When you run a furniture store, it’s not always great to hear from government. It wasn’t great last spring when New York Gov. Andrew Cuomo ordered most businesses in the state to close as the coronavirus was spreading – mainly in the New York City area.
“They shut the doors, they really did,” said Bill Grace, owner of Home Furnishings Association member Grace Furniture in the upstate town of Marcy, far from Gotham.
So, it was a pleasant surprise recently when the local state assemblywoman, Marianne Buttenschon, called. She wanted to honor Grace Furniture for celebrating its 80th anniversary. She presented a citation from the state recognizing the business as an “illustrious establishment” that has made “substantial contributions to the vitality of its communities.”
Several days later, Grace was still amazed.
“It’s the first I’ve seen of anything like that,” he said. “It is framed and out front.”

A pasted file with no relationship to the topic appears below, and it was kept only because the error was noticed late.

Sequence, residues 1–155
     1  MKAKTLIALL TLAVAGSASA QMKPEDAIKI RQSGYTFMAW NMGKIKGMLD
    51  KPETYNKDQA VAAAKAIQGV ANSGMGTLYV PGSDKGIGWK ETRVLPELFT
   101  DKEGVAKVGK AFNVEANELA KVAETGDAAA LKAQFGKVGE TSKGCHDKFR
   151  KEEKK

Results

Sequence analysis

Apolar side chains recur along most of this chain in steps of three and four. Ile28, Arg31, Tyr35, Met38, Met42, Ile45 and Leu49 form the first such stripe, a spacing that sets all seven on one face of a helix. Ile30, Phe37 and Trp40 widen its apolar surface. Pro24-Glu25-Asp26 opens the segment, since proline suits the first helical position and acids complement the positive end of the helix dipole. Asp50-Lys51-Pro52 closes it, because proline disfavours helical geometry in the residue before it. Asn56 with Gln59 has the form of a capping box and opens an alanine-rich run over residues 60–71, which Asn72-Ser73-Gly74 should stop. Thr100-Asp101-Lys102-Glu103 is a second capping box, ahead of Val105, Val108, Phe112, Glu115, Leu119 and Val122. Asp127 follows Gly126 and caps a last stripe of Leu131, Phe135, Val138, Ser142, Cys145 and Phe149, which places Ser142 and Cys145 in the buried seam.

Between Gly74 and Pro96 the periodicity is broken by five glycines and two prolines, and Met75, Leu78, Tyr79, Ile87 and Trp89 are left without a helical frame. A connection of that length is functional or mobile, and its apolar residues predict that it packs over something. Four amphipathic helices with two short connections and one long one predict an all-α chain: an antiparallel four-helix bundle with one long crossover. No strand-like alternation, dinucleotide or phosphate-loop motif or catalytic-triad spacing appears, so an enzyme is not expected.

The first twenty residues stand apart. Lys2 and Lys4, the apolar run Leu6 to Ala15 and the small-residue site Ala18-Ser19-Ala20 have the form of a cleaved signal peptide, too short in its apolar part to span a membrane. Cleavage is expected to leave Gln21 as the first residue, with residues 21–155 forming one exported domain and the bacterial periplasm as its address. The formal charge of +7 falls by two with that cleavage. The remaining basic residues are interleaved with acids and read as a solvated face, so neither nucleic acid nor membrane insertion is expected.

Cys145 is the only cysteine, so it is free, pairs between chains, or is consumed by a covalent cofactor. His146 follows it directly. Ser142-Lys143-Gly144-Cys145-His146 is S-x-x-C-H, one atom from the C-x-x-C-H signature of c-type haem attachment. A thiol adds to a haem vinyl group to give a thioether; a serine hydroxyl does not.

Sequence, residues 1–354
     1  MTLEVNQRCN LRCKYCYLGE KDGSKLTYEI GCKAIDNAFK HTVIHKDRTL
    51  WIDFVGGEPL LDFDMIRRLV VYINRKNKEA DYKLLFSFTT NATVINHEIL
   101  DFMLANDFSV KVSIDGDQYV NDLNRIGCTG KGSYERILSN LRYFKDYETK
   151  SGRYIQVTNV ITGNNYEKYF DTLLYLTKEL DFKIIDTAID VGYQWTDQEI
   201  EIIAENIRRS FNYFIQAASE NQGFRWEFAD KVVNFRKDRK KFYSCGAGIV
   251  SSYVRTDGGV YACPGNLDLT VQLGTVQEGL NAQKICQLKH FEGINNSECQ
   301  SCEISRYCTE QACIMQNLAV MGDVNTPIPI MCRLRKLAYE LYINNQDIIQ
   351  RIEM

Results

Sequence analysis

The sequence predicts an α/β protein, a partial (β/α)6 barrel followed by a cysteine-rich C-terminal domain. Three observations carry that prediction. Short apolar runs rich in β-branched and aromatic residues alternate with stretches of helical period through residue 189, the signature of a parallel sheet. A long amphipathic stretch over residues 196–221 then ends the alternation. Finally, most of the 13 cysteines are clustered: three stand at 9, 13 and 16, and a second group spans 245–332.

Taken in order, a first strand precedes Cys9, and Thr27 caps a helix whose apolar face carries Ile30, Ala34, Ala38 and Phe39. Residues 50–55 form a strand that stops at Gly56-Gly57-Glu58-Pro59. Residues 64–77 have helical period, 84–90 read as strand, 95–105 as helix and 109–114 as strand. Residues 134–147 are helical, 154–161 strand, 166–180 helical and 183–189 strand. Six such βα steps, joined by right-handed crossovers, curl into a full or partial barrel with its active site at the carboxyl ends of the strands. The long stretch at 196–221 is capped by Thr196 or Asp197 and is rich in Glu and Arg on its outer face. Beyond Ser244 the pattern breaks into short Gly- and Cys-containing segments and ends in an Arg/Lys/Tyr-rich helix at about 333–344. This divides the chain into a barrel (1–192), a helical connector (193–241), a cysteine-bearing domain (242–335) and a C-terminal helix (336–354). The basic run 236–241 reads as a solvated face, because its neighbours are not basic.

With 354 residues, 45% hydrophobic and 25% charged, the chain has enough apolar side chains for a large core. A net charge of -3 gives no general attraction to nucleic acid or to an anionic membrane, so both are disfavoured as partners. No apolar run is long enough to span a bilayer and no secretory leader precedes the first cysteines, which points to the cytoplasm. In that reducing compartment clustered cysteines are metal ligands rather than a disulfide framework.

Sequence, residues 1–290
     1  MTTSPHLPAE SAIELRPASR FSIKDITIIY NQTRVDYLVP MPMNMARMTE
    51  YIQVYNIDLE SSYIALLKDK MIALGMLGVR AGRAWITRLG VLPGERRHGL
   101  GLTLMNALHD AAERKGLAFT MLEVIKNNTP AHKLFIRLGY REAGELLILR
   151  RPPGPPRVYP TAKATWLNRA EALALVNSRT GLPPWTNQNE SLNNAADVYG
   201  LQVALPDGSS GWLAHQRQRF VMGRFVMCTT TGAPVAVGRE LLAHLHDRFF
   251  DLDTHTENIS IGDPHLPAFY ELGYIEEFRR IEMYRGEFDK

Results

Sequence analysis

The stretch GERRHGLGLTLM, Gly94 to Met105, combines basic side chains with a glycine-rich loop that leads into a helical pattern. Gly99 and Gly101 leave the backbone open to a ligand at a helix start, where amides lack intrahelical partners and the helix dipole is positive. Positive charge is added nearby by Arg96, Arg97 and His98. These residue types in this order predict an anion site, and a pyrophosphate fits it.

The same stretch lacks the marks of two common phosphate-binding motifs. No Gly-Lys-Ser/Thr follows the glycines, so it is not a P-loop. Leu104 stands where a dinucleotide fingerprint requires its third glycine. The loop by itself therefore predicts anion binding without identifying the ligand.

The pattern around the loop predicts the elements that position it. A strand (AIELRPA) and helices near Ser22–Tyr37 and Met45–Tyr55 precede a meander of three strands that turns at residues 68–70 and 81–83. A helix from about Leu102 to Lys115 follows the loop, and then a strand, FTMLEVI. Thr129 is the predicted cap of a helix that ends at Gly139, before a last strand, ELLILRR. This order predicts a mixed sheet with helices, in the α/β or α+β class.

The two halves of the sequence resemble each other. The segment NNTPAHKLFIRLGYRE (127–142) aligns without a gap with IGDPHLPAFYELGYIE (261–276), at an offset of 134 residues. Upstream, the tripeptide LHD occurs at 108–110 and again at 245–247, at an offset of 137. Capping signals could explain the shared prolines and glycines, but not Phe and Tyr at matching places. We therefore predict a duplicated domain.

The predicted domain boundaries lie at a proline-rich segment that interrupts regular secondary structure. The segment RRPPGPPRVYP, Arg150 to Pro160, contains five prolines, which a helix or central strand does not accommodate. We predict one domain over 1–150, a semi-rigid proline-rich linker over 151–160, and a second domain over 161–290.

Buttenschon has known Grace’s daughter June since their children went to school together. But she learned about the Grace Furniture milestone from an article published in the Observer-Dispatch newspaper in nearby Utica.
The story noted that when Grace’s parents, Frank and Stella, began the business in a garage in 1940, they primarily sold appliances, with some furniture on the side. Shortages of metal during World War II led them to concentrate on furniture.
‘We’re knocking last year’s figures dead’
A different crisis now has restricted furniture supplies. Some of his suppliers say they can’t fill orders until January, Grace said. Others, like Hallagan Furniture of Newark, N.Y., promised December delivery of orders placed by Oct. 9.
Customers are buying, said Grace. “Business has been really, really good ever since we reopened. We’re knocking last year’s figures dead. People are coming in and putting purchases on their credit cards, paying by check, a lot of credit cards. They want it now.”
Or they want it by Christmas, which means Grace must work with vendors that can meet that deadline.
“We try to keep as much in stock as we can to satisfy customers because they want it now,” he emphasized.
Having worked in the family business since his father’s death in 1960, Grace understands the one unchanging rule of retail: “You want to make the customer happy.”
He just wasn’t expecting a politician to make him happy.
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